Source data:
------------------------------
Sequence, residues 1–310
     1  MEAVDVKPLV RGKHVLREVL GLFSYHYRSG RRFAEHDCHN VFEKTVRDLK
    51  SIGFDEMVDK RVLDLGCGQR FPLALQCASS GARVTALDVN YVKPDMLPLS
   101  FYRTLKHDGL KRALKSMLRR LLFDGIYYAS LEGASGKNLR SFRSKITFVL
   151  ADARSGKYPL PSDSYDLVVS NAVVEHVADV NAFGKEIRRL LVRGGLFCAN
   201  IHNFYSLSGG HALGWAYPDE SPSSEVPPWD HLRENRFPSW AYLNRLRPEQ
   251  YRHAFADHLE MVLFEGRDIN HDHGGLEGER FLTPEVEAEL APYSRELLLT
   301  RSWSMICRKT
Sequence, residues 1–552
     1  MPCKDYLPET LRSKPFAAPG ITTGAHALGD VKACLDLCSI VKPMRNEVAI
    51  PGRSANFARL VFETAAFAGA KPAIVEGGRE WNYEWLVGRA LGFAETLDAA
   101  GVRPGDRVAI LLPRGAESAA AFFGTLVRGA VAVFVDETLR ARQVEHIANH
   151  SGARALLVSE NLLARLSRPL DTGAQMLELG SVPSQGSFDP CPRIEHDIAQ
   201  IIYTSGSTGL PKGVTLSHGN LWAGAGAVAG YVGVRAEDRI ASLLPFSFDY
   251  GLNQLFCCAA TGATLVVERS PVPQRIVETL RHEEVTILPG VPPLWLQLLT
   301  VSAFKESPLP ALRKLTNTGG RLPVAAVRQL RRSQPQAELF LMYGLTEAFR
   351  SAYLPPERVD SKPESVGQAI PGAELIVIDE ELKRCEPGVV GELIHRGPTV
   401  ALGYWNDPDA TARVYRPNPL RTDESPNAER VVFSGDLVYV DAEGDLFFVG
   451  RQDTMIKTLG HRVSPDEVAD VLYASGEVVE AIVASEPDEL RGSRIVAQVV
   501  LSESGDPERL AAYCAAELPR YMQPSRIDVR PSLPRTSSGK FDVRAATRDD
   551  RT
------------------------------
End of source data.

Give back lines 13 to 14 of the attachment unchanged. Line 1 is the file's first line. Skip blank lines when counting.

   151  SGARALLVSE NLLARLSRPL DTGAQMLELG SVPSQGSFDP CPRIEHDIAQ
   201  IIYTSGSTGL PKGVTLSHGN LWAGAGAVAG YVGVRAEDRI ASLLPFSFDY